French fiction sales rise dramatically

Gallic drama exports rose 43% last year

Bulwarked by a French fiction renaissance, Gallic TV exports withstood the recession, according to figures unveiled at the TVFI Biarritz Rendez-Vous on Thursday.

Total overseas sales dipped just 1.5% to E150.4 million ($216.6 million) in 2008, per a report from the Centre National de la Cinematographie, which regulates the local film and TV industry, and its sales promotion arm TV France Intl.

One cause of the slippage was a decline in French TV exports to the U.S. and a strong Euro. Another cause, TVFI CEO Mathieu Bejot said at Biarritz, was that key U.S. animation clients such as Disney and the Cartoon Network favored their own productions over third-party buys.

Goosing export figures, French fiction sales and presales rose 43% in 2008 to $61 million, the highest since 2000.

Many factors are at play explaining the French fiction surge, Bejot said. Gallic paybox Canal Plus had been raising the bar on drama, partly in reaction to the high quality of U.S. series.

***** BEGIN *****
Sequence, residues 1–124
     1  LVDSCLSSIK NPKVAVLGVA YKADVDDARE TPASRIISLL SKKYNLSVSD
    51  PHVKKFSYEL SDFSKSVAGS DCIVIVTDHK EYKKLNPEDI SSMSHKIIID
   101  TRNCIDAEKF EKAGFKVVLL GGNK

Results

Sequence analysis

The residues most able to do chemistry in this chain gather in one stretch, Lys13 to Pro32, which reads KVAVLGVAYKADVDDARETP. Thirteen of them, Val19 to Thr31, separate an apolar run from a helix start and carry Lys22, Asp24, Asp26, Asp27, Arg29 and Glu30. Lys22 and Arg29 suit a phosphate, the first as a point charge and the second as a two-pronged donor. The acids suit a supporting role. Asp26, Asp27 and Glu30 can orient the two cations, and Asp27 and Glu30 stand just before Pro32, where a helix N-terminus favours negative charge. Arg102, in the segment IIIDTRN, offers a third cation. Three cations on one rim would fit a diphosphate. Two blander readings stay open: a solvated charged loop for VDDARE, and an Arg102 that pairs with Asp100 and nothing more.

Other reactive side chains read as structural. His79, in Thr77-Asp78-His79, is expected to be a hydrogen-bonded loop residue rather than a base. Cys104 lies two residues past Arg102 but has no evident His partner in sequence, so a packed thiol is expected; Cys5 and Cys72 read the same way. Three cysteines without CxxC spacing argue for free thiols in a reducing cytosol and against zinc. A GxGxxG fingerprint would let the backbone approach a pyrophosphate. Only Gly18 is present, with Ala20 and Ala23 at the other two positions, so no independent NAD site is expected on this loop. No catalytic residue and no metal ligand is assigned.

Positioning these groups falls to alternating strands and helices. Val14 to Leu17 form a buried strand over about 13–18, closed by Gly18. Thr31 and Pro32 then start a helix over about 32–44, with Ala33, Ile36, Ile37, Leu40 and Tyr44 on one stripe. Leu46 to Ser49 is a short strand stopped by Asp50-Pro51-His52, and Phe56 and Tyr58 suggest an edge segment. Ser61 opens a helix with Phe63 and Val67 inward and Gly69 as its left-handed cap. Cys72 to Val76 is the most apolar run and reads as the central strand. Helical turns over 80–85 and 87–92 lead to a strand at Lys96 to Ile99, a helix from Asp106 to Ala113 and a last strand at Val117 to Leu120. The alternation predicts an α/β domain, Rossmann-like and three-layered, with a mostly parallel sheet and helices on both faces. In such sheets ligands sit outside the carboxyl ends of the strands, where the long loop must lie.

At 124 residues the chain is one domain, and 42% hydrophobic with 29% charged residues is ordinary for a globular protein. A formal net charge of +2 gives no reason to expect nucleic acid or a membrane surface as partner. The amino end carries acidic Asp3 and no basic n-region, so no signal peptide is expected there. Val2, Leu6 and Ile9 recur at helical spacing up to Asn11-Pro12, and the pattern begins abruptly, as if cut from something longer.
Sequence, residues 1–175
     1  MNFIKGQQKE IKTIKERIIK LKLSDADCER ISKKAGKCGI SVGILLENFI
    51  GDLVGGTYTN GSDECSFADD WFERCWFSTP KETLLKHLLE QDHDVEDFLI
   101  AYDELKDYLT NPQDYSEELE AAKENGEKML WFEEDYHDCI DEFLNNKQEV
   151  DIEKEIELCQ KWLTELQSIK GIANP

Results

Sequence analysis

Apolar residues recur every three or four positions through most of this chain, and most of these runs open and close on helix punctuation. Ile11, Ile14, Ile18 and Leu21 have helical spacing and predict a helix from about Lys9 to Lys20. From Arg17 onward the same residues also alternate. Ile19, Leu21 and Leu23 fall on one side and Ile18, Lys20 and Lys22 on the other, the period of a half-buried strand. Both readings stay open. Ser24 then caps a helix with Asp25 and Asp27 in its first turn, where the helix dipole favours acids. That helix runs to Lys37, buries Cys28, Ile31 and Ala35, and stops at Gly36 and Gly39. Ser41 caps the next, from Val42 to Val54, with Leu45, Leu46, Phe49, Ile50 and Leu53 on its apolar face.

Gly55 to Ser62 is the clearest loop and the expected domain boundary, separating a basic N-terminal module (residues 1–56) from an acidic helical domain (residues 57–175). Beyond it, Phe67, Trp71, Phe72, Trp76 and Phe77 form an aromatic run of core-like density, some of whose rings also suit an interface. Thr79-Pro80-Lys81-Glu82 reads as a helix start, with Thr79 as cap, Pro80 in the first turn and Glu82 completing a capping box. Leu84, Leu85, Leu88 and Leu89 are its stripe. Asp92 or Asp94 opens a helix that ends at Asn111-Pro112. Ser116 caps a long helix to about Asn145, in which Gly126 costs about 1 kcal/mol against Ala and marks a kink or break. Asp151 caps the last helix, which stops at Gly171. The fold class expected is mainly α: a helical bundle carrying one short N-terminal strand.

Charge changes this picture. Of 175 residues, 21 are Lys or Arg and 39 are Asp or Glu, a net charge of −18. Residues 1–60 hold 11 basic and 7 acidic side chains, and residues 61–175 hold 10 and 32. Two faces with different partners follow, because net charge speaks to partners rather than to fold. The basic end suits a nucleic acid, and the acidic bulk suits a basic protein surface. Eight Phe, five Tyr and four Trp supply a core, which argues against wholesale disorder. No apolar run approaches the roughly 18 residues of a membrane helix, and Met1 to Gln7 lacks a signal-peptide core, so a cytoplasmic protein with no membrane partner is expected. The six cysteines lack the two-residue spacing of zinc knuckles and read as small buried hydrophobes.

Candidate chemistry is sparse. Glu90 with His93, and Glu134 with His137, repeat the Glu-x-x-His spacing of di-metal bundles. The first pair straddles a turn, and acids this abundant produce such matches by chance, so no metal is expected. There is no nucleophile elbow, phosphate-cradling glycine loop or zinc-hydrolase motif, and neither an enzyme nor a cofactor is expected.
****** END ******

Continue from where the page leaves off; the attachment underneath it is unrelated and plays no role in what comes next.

“There’s also been a diversification in formats with more traditional 90-minute dramas, whether cop shows, costume dramas or comedies, also doing well,” Bejot added.

Animation and documentary sales dropped 26.5% and 5% respectively to $44.2 million and $41.3 million.

In some key territories, such as Spain and Italy, toons and docs are increasingly shunted from broadcasters’ core channels onto digital terrestrial TV channels, where buyers acquire as many shows, but pay less, Bejot said.

All three program types faced longterm challenges of market fragmentation and a resistance to imports, Bejot added.

Western Europe still buys the bulk of French TV exports, accounting for $103.8 million in sales. Italy was the No. 1 foreign territory, repping $20.8 million in sales. Sales to Spain spiked 18% to $16.7 million.

“Some Spanish broadcasters appeared to be buying French programming (last year) as an alternative to U.S. shows, maybe as a result of the Hollywood writers’ strike,” Bejot said.

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